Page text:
By Ray Richardson
LOS ANGELES — The four remaining descendants of Charles and Willa Bruce, the Black couple who were stripped of their Bruce’s Beach resort by Manhattan Beach city officials in 1924, are selling the celebrated property back to Los Angeles County for $20 million.
George Fatheree, an attorney for the descendants, confirmed the sale, which comes just six months after the Los Angeles County Board of Supervisors delivered a historic 5-0 vote to return the property to the Bruce family.
“The decision the family made will give them the opportunity to pursue their dreams,” Fatheree said in an interview Jan. 3 with Tavis Smiley on KBLA Talk 1580. “My job is to show them what their options are.”
Fatheree submitted paperwork to the Board of Supervisors Dec. 30 to formally request the transaction. A spokesperson for the supervisors said the sale will be completed in 30 days after the transaction goes through escrow.
When the Board of Supervisors transferred the 7,000-square-foot property to the Bruce family last June 28, the agreement included an option for the family to sell the land back to the county if desired. County Board Chair Janice Hahn agreed to the purchase.
“This fight has always been about what is best for the Bruce family,” Hahn said in a statement. “They feel what is best for them is selling this property back to the county for $20 million and finally rebuilding the generational wealth they were denied for nearly a century.”
As part of the property transfer last June 28, the county had agreed to pay the Bruce descendants $413,000 per year as long as the family kept the property, which is located on Highland Avenue and serves as a lifeguard training facility for the county Fire Department.
The four living Bruce descendants include Anthony Bruce, a great-grandson of Charles; Michael Bruce, Anthony’s brother and Charles’ great-grandson; Derrick Bruce, Anthony and Michael’s father; and Marcus Bruce, Derrick’s brother. All four descendants live outside of California.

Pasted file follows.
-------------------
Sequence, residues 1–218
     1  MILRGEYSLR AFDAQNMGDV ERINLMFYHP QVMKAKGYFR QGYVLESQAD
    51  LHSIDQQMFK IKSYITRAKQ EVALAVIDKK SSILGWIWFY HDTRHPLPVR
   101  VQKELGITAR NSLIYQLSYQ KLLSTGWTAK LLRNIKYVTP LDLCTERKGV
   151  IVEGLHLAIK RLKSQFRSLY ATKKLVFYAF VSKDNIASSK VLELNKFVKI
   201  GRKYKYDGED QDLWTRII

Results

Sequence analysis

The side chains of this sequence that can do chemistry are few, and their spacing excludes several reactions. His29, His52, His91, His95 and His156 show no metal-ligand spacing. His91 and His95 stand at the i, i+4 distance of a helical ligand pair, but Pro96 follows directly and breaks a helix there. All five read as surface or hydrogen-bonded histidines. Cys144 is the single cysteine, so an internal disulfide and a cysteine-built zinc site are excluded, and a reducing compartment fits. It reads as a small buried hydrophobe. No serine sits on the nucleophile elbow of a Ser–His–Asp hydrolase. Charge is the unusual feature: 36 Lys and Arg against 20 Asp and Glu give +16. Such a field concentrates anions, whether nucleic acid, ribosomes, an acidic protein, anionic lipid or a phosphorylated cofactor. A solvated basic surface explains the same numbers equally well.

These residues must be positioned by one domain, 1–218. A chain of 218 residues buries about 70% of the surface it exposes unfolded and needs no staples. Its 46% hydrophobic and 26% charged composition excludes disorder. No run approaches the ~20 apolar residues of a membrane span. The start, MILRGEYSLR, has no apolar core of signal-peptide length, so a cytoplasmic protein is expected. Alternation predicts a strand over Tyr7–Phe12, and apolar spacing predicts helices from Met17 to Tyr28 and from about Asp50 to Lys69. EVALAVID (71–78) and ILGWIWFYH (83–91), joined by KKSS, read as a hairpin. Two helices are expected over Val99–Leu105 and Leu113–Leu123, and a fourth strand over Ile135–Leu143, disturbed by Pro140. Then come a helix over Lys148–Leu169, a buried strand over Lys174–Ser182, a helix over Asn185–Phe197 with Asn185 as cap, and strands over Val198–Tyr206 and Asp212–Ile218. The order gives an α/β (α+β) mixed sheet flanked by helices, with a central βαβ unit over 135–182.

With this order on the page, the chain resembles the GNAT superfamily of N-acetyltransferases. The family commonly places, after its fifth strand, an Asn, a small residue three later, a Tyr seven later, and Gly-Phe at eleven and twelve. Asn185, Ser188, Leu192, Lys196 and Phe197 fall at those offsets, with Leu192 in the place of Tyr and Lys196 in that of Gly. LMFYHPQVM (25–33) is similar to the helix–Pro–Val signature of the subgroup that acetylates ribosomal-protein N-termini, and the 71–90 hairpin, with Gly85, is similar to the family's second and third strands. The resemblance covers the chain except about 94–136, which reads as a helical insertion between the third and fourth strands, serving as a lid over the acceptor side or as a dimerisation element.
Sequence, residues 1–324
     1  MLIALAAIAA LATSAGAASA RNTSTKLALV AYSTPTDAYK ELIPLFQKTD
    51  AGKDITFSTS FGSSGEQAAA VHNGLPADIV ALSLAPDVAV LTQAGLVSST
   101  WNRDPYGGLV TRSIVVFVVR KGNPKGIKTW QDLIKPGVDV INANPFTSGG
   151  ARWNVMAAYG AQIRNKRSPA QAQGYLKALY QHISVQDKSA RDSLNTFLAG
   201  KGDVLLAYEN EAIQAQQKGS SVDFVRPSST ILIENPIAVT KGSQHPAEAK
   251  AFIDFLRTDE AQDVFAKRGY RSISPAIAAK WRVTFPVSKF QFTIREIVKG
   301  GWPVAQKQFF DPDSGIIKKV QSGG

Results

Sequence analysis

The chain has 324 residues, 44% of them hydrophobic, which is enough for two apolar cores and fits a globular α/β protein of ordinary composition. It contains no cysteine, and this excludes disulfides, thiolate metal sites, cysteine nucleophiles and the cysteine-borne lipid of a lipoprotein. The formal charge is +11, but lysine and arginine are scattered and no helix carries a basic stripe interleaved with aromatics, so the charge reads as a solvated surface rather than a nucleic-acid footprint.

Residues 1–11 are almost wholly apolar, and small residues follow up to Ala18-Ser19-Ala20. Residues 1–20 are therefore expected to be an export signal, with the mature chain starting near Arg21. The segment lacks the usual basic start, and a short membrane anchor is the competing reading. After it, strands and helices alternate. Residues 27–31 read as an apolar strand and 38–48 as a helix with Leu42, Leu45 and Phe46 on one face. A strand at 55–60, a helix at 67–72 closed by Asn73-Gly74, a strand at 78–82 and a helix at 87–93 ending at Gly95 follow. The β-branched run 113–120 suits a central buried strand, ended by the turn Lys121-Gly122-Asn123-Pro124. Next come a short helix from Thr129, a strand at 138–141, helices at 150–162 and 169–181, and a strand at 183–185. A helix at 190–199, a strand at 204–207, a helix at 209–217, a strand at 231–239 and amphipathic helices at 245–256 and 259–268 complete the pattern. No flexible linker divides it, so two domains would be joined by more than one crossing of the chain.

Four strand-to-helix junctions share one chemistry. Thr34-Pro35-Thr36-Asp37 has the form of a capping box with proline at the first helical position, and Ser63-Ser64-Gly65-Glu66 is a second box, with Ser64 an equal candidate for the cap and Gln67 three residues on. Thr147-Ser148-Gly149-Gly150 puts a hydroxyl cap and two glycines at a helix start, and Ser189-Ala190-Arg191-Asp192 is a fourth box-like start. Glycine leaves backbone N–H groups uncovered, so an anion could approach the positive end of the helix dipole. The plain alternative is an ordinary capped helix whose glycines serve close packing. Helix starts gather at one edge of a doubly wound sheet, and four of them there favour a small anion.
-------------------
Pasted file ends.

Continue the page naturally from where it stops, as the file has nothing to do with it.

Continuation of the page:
Anthony Bruce, who previously served as a spokesperson for the descendants, was unavailable for comment.
Duane Shepherd, a cousin of the descendants who lives in Los Angeles, indicated the family’s decision to sell the property was based partly on the family’s inability “to do anything with the property.”
Shepherd informed the Board of Supervisors of the Bruce’s Beach situation in 2018 and became a key figure in the push to get the property returned to the family.
The push included a bill sponsored by state Sen. Steven Bradford, D-Gardena, that lifted restrictions on the property transfer and allowed the Board of Supervisors to move forward in returning the property.
Reaction to the descendants’ decision to sell the property to the county has been mixed. On several social media outlets, comments ranged from “shameful” to “incredibly disappointing.” One response labeled the sale as a “missed opportunity to create generational wealth.”
Another comment criticized the descendants for “going for the big money instead of building a lasting empire like their ancestors wanted them to…”
“The family feels they would come out better doing it this way,” Shepherd told a reporter. “They’re thinking about purchasing more land somewhere. They always knew there was nothing they could do with the land where it is.”
Charles and Willa Bruce purchased the property in 1912, turning the land into a profitable resort area for Black professionals and their families to swim, surf, eat and relax. The resort’s popularity led to harassment for Black patrons from white residents in Manhattan Beach.
Manhattan Beach city officials, uncomfortable with Blacks having a beach resort in their area, invoked a provision known as “eminent domain,” which gives governments the right to take private property and convert it to public use if the original owners are paid for the transfer.
The city condemned the property and forced the Bruce’s to sell it. The Bruce’s asked for $70,000, but court documents show that the city only paid them $14,500.
Evidence of racial motivation behind stripping Bruce’s Beach from the couple was revealed several years later when a member of the Manhattan Beach Board of Trustees wrote a column in a local newspaper claiming the move had to be made to address the “Negro problem” in the area.
The trustee member believed the success of Bruce’s Beach was “slowing” Manhattan Beach’s progress.
Ray Richardson is a contributing writer for The Wave. He can be reached at email@example.com.